Why don’t businesses make more modifications in response to data? Lack of time and expertise are the big problems. It takes a trained eye to assess data and create an action plan based on it.
Learn how to interpret data or hire a marketing company to help you with it. When you dial in your campaigns, you’ll dust the competition that’s waiting for things to go their way with no effort.
#5. Give Your Campaigns Time
Here is the saddest of mistakes in small business marketing.
A business spends months developing materials and running campaigns – but it’s tough. The results don’t come in right away, and a lot of sleep is lost.
The business owner gets nervous. She’s starting to see the entire effort as a sunk cost. How much more can we put into this without a return?
But there is good data coming in. The plan is heading in the right direction…until…the business owner panics. We have to get out and stop the bleeding.
They pull out just as the corner was about to be turned. The problem?
They didn’t set proper expectations with time. Digital marketing campaigns can take months to develop, both to gain exposure and to gather enough data to start testing assumptions. You must allow for this time – from the beginning – or you’ll pull out before you can get ROI.
Often you don’t know about the competition that makes this mistake – because they disappear without gaining market share. Don’t join them.
#6. Manage Your Reputation
I was at a recent meeting of small business owners. The conversation turned to online reviews.
“I hate Yelp,” said a restaurant owner. “People just go on there to bitch. Half of what they say makes no sense.”
“I hear ya,” said a chiropractor. “A few idiot clients hit me with bad reviews on Health Grades, and all of a sudden my appointments are down 30%.”
“And what about Google itself?” chimed in a carpet cleaner. “My Google business listing got hit with some 1-star bombs from morons, and they’re the first thing you see when I show up in search. I hate online reviews!”
I wish I’d had a hanky to wipe their tears away…
Here is a fact for you: online reviews are here to stay. Furthermore, you need to realize that review platforms aren’t really there to please business owners; their audience is the consumer. And consumers like reviews a great deal. They use them to decide on services every day.
You can either be like the business owners I met (stuck in the back of the pack), complaining about how their “moronic” clients are hurting them, or you can take control of the situation and start managing your reputation.
Businesses with strong customer service and great products welcome reviews. Part of their content management is making an active effort to secure positive reviews from happy clients. They look at negative reviews as feedback and a chance to improve their services.
Most of all, they realize that consumer-created content in the form of reviews is a reality, and they make great efforts to get that content working in their favor. They start with the services they deliver, realizing every client has the power to create online reviews in response to their work.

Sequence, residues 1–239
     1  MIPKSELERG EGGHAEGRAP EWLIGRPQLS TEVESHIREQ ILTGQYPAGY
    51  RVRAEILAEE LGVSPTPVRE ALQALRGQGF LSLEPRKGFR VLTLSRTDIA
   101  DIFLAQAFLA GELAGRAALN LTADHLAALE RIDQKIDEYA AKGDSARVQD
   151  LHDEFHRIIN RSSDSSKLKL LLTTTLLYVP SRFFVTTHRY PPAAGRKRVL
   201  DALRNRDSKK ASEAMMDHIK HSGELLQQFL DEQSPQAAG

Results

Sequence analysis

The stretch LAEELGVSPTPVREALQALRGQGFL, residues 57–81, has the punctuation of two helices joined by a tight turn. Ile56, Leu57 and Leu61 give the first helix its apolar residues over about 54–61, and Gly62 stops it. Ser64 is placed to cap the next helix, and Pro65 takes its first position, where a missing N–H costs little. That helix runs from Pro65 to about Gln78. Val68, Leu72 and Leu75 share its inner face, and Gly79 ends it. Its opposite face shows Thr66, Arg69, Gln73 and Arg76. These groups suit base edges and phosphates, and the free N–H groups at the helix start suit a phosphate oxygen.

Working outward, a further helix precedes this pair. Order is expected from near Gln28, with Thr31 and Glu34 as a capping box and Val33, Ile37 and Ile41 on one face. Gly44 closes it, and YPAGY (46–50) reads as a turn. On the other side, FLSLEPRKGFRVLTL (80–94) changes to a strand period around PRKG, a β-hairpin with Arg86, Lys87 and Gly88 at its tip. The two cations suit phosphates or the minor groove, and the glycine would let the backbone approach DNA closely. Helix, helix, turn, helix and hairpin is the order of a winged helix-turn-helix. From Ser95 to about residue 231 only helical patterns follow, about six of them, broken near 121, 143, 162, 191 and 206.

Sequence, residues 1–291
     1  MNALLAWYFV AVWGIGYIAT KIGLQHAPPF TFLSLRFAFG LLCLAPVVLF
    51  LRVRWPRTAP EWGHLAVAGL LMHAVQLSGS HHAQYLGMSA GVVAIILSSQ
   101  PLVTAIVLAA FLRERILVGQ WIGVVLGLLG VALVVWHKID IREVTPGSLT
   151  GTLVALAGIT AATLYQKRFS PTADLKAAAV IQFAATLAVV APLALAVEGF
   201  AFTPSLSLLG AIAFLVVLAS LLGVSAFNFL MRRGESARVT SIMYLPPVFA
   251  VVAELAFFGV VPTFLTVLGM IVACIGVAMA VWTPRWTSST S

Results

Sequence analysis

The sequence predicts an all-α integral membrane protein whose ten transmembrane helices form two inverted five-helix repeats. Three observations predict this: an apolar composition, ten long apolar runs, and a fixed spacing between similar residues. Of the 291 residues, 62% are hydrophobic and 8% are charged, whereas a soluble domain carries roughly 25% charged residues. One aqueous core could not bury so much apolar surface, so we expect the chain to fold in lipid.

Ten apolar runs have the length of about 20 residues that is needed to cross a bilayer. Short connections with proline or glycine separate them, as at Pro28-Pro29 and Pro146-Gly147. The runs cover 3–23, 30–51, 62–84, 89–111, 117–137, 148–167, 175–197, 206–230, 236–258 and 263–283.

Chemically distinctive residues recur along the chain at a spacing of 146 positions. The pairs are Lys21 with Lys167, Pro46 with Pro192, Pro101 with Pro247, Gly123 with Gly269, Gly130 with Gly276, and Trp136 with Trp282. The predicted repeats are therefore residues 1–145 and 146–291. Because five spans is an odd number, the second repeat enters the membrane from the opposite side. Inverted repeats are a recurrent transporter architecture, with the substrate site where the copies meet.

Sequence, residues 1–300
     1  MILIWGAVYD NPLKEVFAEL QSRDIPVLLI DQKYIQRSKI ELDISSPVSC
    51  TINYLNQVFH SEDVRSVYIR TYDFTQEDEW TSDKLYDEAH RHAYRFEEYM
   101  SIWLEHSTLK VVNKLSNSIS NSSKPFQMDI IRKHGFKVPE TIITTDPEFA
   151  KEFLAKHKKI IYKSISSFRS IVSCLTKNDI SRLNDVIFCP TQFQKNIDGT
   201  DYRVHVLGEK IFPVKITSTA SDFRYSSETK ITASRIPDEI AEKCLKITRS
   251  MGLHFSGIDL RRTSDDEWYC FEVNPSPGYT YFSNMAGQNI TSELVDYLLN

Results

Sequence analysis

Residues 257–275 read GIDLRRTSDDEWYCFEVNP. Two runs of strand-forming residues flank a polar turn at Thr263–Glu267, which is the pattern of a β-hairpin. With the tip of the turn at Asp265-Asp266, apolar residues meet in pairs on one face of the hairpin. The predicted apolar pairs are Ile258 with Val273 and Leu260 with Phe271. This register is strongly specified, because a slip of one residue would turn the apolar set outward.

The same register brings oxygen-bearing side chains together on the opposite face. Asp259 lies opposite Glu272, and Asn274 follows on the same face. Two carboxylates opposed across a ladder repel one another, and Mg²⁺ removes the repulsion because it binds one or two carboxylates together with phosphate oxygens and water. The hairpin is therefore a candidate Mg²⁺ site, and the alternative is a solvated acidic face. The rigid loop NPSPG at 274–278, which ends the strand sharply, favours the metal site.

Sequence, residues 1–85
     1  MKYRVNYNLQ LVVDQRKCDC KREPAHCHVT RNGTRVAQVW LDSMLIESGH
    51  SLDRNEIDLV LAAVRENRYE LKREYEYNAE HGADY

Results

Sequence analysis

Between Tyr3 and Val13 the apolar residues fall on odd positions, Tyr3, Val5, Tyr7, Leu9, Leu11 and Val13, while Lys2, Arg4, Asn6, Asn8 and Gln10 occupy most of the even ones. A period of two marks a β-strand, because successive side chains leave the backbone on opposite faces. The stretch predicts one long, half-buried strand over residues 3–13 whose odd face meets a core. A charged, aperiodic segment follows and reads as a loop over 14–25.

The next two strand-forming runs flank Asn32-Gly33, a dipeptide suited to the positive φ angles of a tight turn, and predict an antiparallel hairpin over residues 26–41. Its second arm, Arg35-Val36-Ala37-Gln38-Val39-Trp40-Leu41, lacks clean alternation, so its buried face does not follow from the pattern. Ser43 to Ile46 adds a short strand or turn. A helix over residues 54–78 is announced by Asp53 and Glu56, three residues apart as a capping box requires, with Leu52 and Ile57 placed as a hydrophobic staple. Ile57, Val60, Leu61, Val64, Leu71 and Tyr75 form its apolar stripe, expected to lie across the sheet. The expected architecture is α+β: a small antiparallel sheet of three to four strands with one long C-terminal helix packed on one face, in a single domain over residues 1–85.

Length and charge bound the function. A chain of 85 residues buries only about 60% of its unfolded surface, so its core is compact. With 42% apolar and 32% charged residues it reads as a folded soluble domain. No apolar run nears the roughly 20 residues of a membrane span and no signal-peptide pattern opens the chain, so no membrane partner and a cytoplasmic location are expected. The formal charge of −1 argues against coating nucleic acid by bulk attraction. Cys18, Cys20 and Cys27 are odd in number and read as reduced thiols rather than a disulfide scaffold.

The way to beating the competition here is clear. 5 stars look a lot better than 1 star.
#7. Stay Ahead of the Curve
Ever notice how some businesses seem to always be in the right place at the right time? When an online platform becomes popular with the masses, they’ve already established themselves. How do they do it?
To be competitive today, it pays to put your ear to the ground. You have to be on the watch for trends, and when you see something that is a fit for how you want to craft your message, you need to jump on it.
Gary Vaynerchuck, who became famous tasting wine on YouTube, often talks about how he started on Google Adwords – when nobody else was using it. He was able to buy ads for the keyword “wine” for $.10 a click.
A few years ago, Snapchat seemed like another trend for 13-year-olds. Today it has 160 million active users.
Facebook video ads are – today – effective and cheap. The bandwagon hasn’t taken off yet.
But once everybody figures this out prices will elevate and content engagement will drown in the flood.
Beating the competition implies staying ahead of them. Keep your eye out for the next big thing.
#8. Look at Marketing as an Investment
Most businesses look at marketing as a cost. They put it in with expenses like buying a truck or renting a warehouse.
But marketing is not an expense. It’s an investment in which you should carefully plan expected returns.
In other words, marketing should make you more money than you put in. If you could put in a buck and get two back, you’d put in as many as the opportunity would allow.
Businesses that have trouble competing come to Marketing 360® and ask “How much do your marketing services cost?”
This is not the right mindset for competitive marketing. To beat the competition, you have to spend what is necessary. It depends on your vertical and competition, as well as your goals. How much do you want to make? How big do you want to be? How fast do you want to grow?
To be competitive, you must look at marketing as an investment. Plan your budget based on what’s necessary to compete, and modify as needed. There is no one “cost” to marketing. You get out of it what you put in.
Your competition’s marketing is not optimal, but it’s not because they don’t care. Keeping up with technology and trends is tough. Crafting an effective, crisp value proposition requires insight and effort. Gauging time-frames and investments take patience and planning.
But taking those steps is the difference maker. It separates you from the pack and gets prospects thinking:
These guys look better. They can solve my problem. This will be worth it.
Today you either separate yourself from the pack, or you disappear into it.